> 
> I have a bunch of little database IO functions.  Each does something to the
> database, and returns a log string describing what it did, and possibly a
> meaningful result from the database.
> 
>   query  :: IO (String, a)
>   update :: a -> IO (String, ())
> 
> ...and a few functions that orchestrate all the little functions into doing
> useful work.
> 
>   syncWeek :: Week -> IO ()
>   syncAll  : : IO ()
> 
> 
> I don't want the individual functions to know what is done with the log string
> describing what they did.  Top-level orchestrating functions should make that
> decision, which can be one of:
> 
> 1) Collect and print all to a log once all computations are done.
> 2) Print to stdout *as each computation is run*.
> 3) Ignore them.
> 
> Here is my understanding of how common monads would handle these requirements:
> 
> Writer: 1 and 3 are easy.  This is what I originally attempted to use, but I
>         couldn't figure out how to accomplish #2.
> Reader: 2 and 3 can be accomplished if each function reads a shouldLog config
(Continue reading)

oleg | 26 Nov 11:25 2013

Re: Writer + log each computation to stdout


Bryan Vicknair wrote:

> I have a bunch of little database IO functions.  Each does something to the
> database, and returns a log string describing what it did, and possibly a
> meaningful result from the database.
> ...and a few functions that orchestrate all the little functions into doing
> useful work.
>
> I don't want the individual functions to know what is done with the log string
> describing what they did.  Top-level orchestrating functions should make that
> decision, which can be one of:
>
> 1) Collect and print all to a log once all computations are done.
> 2) Print to stdout *as each computation is run*.
> 3) Ignore them.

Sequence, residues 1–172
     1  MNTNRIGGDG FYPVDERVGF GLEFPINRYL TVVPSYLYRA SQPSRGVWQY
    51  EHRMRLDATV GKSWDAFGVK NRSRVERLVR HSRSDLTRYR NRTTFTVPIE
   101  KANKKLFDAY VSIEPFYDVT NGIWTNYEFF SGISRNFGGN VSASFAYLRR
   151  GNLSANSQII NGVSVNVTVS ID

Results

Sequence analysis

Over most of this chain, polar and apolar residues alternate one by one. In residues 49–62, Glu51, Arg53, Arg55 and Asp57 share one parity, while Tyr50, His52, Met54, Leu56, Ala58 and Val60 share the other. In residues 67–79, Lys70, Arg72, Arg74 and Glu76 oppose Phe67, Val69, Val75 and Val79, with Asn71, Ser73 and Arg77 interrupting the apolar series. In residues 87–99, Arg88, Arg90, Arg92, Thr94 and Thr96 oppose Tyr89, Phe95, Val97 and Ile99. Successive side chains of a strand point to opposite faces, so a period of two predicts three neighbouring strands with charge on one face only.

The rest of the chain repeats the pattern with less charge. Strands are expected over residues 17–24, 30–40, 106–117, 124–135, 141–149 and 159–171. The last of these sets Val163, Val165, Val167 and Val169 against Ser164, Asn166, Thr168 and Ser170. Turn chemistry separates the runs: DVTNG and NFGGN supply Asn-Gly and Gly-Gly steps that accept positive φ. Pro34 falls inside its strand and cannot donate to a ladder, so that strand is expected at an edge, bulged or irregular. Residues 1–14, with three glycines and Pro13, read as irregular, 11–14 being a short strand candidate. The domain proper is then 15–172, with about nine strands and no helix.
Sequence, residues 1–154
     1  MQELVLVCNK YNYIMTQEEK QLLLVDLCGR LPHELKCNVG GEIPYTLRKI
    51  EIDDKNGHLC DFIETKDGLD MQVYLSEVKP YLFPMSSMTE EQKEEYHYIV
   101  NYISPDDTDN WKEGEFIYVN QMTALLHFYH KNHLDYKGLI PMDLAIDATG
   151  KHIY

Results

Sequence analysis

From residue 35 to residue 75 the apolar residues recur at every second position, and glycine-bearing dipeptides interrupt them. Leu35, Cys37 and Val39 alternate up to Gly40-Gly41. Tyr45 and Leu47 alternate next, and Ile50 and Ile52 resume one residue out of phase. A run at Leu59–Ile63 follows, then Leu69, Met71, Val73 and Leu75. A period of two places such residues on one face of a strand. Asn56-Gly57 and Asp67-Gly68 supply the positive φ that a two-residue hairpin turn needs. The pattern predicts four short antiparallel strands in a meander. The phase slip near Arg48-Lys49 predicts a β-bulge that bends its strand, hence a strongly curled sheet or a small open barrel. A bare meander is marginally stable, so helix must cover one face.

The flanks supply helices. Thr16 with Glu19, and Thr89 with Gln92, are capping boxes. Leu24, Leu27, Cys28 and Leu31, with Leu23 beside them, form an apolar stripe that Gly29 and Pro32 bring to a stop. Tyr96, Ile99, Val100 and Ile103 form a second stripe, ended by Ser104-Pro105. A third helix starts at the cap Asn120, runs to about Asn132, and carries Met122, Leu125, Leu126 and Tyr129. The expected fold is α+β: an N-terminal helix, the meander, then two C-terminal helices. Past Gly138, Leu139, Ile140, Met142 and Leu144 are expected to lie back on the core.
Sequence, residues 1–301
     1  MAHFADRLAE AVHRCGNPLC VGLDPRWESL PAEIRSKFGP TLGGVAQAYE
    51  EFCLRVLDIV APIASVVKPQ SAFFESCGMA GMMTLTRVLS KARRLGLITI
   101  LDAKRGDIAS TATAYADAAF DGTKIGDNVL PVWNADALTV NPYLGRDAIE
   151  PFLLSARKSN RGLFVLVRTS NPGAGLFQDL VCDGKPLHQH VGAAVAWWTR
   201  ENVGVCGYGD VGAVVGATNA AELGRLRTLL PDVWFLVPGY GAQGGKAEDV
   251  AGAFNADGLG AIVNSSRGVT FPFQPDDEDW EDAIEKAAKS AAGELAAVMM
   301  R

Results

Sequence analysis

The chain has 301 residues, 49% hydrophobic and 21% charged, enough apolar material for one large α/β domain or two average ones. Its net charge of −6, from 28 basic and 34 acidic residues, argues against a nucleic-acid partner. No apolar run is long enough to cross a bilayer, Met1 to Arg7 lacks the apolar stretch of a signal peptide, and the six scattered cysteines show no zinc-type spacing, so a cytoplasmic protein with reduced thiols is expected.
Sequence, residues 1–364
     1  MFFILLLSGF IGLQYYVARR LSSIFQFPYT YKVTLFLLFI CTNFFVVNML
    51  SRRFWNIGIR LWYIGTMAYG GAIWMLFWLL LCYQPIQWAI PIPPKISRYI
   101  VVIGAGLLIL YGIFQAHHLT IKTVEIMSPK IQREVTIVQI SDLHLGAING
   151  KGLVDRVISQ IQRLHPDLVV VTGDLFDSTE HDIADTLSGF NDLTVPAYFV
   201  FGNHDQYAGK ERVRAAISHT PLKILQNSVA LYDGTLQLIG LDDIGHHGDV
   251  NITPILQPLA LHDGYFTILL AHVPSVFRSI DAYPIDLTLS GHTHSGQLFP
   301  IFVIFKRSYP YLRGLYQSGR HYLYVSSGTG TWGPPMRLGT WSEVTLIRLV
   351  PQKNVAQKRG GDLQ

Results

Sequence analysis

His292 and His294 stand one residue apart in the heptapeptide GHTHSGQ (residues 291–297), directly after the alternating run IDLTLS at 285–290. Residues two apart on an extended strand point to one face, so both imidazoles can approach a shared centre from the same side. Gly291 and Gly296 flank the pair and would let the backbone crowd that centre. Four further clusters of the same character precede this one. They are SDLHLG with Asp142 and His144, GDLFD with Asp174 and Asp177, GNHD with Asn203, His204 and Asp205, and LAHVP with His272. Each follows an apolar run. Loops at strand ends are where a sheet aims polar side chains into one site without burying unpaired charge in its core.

What an excellent case for extensible effects! Many thanks to Ben
Foppa for making the package available on hackage, as
extensible-effects.

Extensible Effects designed specifically to separate a client (the
requestor of an action) from a handler, the executor of an action. A
logging client merely requests a string to be logged. It has no idea
what happens when that request is executed. Therefore, the same
client can be used with several handlers, even within the same
expression.  One can also build various interceptors, such as
logIntercept, which is similar to Unix' tee.

The following file illustrates how to solve the problem with all three
(Continue reading)

Oliver Charles | 4 Dec 12:21 2013
Picon

Re: Writer + log each computation to stdout

On 11/26/2013 10:25 AM, oleg <at> okmij.org wrote:

> Extensible Effects designed specifically to separate a client (the
> requestor of an action) from a handler, the executor of an action. A
> logging client merely requests a string to be logged. It has no idea
> what happens when that request is executed. Therefore, the same
> client can be used with several handlers, even within the same
> expression.  One can also build various interceptors, such as
> logIntercept, which is similar to Unix' tee.
> 
> The following file illustrates how to solve the problem with all three
> scenarios. 
>         http://okmij.org/ftp/

Did you forget to attach a file to this email? Otherwise, I'm not sure
where to find the file you're talking about and I couldn't find it on
your homepage either.

- ocharles

_______________________________________________
Haskell-Cafe mailing list
Haskell-Cafe <at> haskell.org
http://www.haskell.org/mailman/listinfo/haskell-cafe
oleg | 5 Dec 02:05 2013

Re: Writer + log each computation to stdout


> Extensible Effects designed specifically to separate a client (the
> requestor of an action) from a handler, the executor of an action. A